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4434Escher and the Droste Effect
http://www.merlot.org/merlot/viewMaterial.htm?id=83200
The goal of this site is to visualize the mathematical structure behind M.C. Escher's picture called "Print Gallery" (1956). The visualization itself is largely non-mathematical and is accomplished through many still images and animations. The actual mathematics, involving conformal mappings of the complex plane, is contained in a pdf copy of the original AMS publication. The Droste Effect refers to any image that contains itself on a smaller scale.Graphics for Complex Analysis
http://www.merlot.org/merlot/viewMaterial.htm?id=89786
A large set of animations designed to display fundamental and specialized topics in complex analysis.Walter Fendt's Mathematics Applets
http://www.merlot.org/merlot/viewMaterial.htm?id=91208
A large collection of applets designed to demonstrate basic mathematics. Many foreign-language versions available.Stereographic Projection
http://www.merlot.org/merlot/viewMaterial.htm?id=374828
The site contains a JAVA applet that illustrates the Stereographic Projection map of the sphere to the plane. The applet allows the pattern on the sphere to be rotated so that the stretching of its projection on the plane can be examined. This site is a part of a large collection of materials related to geometry and scientific graphing.Dave's Short Course on Complex Numbers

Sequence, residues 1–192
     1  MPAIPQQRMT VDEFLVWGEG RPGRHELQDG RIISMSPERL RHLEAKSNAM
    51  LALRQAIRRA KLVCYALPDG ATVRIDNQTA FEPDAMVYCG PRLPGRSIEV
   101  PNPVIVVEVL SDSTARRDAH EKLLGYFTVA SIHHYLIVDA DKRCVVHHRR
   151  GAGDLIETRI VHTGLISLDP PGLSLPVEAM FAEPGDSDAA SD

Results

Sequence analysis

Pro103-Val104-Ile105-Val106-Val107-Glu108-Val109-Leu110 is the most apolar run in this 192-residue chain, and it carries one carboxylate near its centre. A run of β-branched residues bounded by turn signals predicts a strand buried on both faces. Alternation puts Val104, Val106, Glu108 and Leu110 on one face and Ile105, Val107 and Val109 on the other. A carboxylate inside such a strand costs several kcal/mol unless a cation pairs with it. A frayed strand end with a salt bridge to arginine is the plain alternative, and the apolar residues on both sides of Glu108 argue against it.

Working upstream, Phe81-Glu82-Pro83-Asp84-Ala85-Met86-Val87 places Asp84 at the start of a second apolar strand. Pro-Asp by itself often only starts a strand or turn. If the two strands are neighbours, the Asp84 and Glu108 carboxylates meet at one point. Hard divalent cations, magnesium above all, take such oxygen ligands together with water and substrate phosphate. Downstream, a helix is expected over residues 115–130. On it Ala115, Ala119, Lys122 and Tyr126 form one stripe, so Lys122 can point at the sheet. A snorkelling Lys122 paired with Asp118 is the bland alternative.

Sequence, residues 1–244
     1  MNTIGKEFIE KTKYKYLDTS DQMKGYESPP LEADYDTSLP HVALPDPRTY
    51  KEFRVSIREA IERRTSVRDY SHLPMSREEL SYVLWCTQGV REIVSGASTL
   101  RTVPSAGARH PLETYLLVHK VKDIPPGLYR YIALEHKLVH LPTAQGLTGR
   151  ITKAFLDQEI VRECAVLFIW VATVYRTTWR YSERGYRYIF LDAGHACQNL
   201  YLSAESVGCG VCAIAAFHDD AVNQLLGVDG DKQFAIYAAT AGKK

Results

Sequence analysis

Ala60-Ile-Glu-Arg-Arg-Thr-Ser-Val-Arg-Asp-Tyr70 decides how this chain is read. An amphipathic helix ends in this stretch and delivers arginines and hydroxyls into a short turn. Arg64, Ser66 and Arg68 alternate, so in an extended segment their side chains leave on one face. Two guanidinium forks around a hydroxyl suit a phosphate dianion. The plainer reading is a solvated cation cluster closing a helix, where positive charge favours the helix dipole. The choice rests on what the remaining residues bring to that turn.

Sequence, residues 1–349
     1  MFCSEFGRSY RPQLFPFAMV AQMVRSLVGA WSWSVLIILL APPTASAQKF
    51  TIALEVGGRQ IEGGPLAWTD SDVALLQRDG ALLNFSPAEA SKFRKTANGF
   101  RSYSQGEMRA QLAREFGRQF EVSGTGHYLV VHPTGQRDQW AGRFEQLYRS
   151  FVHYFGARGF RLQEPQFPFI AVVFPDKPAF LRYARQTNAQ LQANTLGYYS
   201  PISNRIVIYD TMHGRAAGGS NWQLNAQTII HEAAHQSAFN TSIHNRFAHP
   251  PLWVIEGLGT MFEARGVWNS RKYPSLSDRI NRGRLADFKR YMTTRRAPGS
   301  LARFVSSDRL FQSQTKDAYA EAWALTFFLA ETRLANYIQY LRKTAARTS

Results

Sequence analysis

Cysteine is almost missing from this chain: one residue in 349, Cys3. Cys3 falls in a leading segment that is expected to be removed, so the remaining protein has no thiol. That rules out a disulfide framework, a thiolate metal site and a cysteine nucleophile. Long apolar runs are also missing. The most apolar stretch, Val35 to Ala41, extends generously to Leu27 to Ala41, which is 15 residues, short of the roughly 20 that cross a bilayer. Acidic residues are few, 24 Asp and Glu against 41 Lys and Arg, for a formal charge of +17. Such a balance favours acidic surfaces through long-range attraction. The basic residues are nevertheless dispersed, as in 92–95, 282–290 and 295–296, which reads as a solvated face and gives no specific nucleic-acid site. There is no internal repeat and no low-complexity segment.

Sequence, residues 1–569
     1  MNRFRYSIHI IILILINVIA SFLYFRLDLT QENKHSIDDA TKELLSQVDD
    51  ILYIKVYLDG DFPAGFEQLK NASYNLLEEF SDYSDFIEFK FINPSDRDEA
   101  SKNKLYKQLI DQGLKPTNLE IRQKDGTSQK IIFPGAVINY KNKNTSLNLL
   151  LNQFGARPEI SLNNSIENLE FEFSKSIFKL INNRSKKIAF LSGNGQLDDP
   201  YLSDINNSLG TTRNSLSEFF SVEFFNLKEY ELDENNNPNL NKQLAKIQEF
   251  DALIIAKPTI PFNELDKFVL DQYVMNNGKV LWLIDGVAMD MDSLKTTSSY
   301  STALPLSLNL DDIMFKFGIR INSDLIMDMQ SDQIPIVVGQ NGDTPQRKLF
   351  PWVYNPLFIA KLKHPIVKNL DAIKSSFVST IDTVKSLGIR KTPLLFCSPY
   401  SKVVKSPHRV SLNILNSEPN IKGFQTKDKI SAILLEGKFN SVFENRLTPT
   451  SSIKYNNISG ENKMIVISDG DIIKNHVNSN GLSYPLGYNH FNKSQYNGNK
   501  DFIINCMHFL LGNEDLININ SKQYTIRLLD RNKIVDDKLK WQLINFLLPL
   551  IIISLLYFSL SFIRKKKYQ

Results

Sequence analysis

http://www.merlot.org/merlot/viewMaterial.htm?id=83731
This is a nicely rendered introduction to complex numbers at the high school or freshman college level. Reference is made to another of Dave's short courses in trigonometry.A Complex Function Viewer
http://www.merlot.org/merlot/viewMaterial.htm?id=82940
This Java applet allows the user to visualize certain functions of complex variable. The functions considered are complex sine, cosine, and exponential function.Mathematics Animated
http://www.merlot.org/merlot/viewMaterial.htm?id=84907
This site contains more than three dozen animations on various topics including the Pythagorean Theorem, the unit circle as used in defining trig functions, inversion and squaring in the complex plane, and many others pertaining to calculus and its associated analytic geometry.A First Course in Complex Analysis
http://www.merlot.org/merlot/viewMaterial.htm?id=518850
According to OER Commons, 'These are the lecture notes of a one-semester undergraduate course which we taught at SUNY Binghamton. For many of our students, Complex Analysis is their first rigorous analysis (if not mathematics) class they take, and these notes reflect this very much. We tried to rely on as few concepts from real analysis as possible. In particular, series and sequences are treated "from scratch." This also has the (maybe disadvantageous) consequence that power series are introduced very late in the course.'Complex Analysis
http://www.merlot.org/merlot/viewMaterial.htm?id=437630